Redefining “Improving”

How many times have we seen this story since the recession began and President Obama took office?  We get more bad economic news, and economists express surprise at the crappy news in view of the “improving” economy.  Is anyone but economists surprised that we are getting more bad economic news?  Does anyone other than academics actually believe that the economy is significantly improving?

Consider the linked story, which reports on news released today.  The unvarnished truth is that 471,000 people filed new claims for unemployment benefits last week, up by 25,000 from the number of new claims filed the week before.  The index of leading economic indicators dropped.  The stock market plummeted, down more than 300 points.  The unemployment rate is 9.9 percent. The article reports that 4.63 million Americans are receiving regular unemployment benefits, and another 5.3 million Americans are receiving extended unemployment benefits paid by the federal government.  By my math, that is about 10 million unemployed people.  And Congress is now rushing to extend unemployment benefits — which already have been extended to 99 weeks — still further.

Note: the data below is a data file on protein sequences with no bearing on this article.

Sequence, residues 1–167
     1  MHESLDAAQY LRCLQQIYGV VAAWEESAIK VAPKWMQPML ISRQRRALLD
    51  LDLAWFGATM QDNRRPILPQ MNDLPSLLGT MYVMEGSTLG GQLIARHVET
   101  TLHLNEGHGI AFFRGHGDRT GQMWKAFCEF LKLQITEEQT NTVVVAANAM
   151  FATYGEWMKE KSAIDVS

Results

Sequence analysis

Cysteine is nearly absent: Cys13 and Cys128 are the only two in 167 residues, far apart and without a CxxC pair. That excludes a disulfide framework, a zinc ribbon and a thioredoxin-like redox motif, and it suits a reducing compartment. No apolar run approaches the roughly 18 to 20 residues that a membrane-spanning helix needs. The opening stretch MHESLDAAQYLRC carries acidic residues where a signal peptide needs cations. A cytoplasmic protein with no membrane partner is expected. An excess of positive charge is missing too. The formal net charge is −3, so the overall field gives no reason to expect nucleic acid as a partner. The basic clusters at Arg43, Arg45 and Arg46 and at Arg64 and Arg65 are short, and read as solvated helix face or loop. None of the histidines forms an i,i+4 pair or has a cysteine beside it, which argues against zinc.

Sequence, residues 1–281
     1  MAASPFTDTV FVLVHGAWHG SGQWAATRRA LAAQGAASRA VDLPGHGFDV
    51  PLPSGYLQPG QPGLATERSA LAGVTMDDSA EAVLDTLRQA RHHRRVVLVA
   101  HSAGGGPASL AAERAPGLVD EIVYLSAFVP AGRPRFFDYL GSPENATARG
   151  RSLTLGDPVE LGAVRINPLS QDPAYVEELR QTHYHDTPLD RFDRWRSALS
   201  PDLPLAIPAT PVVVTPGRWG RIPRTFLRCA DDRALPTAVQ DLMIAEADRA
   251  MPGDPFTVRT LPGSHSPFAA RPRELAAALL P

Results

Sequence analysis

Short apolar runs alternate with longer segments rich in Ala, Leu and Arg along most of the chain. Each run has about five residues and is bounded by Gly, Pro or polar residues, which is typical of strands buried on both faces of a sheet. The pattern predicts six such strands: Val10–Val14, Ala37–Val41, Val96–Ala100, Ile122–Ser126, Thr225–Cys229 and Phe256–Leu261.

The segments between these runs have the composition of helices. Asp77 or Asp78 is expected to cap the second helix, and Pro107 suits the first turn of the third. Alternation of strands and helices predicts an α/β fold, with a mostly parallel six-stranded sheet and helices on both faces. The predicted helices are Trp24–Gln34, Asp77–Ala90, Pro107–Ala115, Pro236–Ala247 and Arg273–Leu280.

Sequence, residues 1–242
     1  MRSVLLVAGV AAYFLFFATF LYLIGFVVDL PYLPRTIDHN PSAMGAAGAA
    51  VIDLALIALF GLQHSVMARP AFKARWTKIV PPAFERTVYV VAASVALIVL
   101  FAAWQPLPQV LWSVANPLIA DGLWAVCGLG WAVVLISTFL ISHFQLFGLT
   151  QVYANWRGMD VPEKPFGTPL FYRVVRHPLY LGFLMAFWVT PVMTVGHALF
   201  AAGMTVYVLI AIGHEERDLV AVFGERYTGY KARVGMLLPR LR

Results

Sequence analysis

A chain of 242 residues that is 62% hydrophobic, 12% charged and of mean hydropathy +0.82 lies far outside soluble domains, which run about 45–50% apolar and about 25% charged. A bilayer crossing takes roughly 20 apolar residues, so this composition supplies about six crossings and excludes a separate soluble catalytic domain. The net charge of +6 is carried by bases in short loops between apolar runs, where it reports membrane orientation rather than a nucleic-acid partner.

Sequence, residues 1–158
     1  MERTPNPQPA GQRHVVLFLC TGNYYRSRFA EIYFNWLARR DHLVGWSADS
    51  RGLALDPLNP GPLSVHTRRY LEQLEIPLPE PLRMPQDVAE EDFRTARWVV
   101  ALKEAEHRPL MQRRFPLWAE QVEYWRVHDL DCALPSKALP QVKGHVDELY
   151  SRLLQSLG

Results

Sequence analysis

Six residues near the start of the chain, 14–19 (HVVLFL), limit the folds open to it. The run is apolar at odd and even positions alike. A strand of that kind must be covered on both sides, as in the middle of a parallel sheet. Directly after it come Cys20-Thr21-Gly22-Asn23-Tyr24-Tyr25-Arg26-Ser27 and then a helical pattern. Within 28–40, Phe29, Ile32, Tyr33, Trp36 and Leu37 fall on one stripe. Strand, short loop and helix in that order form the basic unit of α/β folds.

And yet the article refers to “an improving economy” that “has lured those who had given up looking for work back into the labor market.”  By what measure is our economy improving?  Are we just comparing the current situation to the point in the recession where the most jobs were being eliminated, and concluding that although thousands of new people are losing their jobs and looking for help, not as many are losing their jobs as were losing their jobs in March 2009?

This country has fallen far, indeed, if its citizens consider an economy with 10 million unemployed, a frozen credit market, an ongoing foreclosure crisis, and unprecedented governmental budget deficits — among many other problems — to be improving.  I’d bet most people don’t agree with such silly happy talk.

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